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Communicating the vaccine: how do we get the story right?

Webinar discusses the communications challenges of persuading the public to be vaccinated against COVID-19.

What are the communications challenges around persuading the public to be vaccinated against COVID-19? This week, our friends at Tortoise Media held their first morning ThinkIn of 2021, exploring this timely topic.

To consider how the Government can drive vaccine uptake among the UK population, our Chief Executive Claire Eldridge joined a panel of experts including Sarah Davies, the founder of The Behavioral Architects, and Alex Hesz, Global Chief Strategy Officer at DDB. We also heard from James Sorene, who is leading the Government’s COVID-19 vaccine communications, on the steps being taken by those in charge, and there were important contributions from Tortoise’s James Harding and Matthew d’Ancona.

You can watch the full recording here or read on for a short summary of the context and themes covered by the panel.

Where are we now? This week, the Government committed to vaccinating all over-70s, the most clinically vulnerable, and front-line health and care workers by mid-February, to allow lockdown restrictions to be eased. That requires roughly 13 million people to be given a chance to be vaccinated over the next six weeks. Since the vaccine roll-out programme began in mid-December last year, only one million have been vaccinated (at the time of writing).

How significant are the barriers? According to a recent poll conducted by the University of Oxford, while a substantial majority (72%) are in favour of a COVID-19 vaccine, 16% of the population are very unsure about receiving one, 12% are likely to delay or avoid getting one, and one in 20 are firmly anti-vaccination. Further, some demographics are more hesitant than others: 39% of black and minority ethnic Londoners say they are likely to take the vaccine compared with 70% of white people in the capital, while only half of Londoners aged 18-49 say they are likely to have it. These statistics all have concerning implications.

So what should the Government do? The panel’s discussion covered a huge amount of ground in the hour, and the key themes to emerge were:

  1. Decentralise its approach: Given current mistrust and misunderstanding among the public, it’s crucial to understand communities’ needs and concerns, and work with the most trusted messengers to engage them, rather than maintain a centralised approach. Life beyond the Westminster bubble, up and down the country is very different – don’t adopt a one-size-fits-all approach.
  2. Make every effort to engage hard-to-reach communities: The least engaged are often the most at-risk, so every effort must be made to reach, listen to and involve these groups. There have been successful programmes to learn from, such as Ebola, which have shown the importance of respecting culture and diversity, and highlighted the need to localise messaging and content.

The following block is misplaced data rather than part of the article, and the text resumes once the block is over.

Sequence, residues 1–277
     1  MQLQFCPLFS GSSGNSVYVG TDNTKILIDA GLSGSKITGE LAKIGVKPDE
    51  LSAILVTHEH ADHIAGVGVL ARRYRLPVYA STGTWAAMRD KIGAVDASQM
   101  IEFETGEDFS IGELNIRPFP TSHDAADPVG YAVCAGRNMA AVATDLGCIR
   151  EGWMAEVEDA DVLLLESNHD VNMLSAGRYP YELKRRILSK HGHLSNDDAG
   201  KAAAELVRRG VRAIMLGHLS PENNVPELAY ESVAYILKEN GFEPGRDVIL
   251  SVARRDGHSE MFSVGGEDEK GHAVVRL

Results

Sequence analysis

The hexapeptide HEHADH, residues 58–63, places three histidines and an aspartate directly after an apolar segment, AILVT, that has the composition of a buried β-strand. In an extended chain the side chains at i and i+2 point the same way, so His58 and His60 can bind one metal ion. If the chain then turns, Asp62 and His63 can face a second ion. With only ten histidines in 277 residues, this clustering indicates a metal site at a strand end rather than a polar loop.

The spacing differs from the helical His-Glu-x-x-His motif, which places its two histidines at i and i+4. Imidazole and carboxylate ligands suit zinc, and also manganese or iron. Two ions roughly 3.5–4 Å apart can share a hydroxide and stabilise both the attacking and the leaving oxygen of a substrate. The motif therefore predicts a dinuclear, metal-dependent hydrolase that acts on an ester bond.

3. Highlight the need for collective action: The vaccine can only be effective if sufficient people take it. Framing the vaccine effort as a question of citizenship – ‘a vaccine protects other people’s lives, as well as your own’ – rather than one of purely personal choice, is vital.
  4. Win the emotional argument: To drive vaccine uptake, the Government can’t convince the public using data and statistics alone – it needs to appeal to public sentiment to help people understand that having a COVID-19 vaccine is ‘normal’, ‘easy’, and the ‘right thing to do’, benefitting society as well as individuals.
  5. Keep the messaging simple (but provide detail for those who want it): There was friendly debate around the public’s preference for simple versus complex information, but also an acknowledgement that the public has been willing to engage with novel and complicated scientific information throughout the pandemic. Making detail available that substantiates the communications is important for those that want it.

Closing thought: In framing the discussion, Tortoise wrote: ‘throughout the pandemic, confusion and speculation about the efficacy and safety of the various vaccines has thrived in the gap where clear, consistent communications were absent.’ If the Government is placing its faith in a widespread COVID-19 vaccination programme as the UK’s route out of the pandemic, the need for clear, consistent communications to replace confusion and speculation around the efficacy and safety of vaccines has never been clearer.

Let’s hope the Government can fill that gap – and quickly.

7th January 2021



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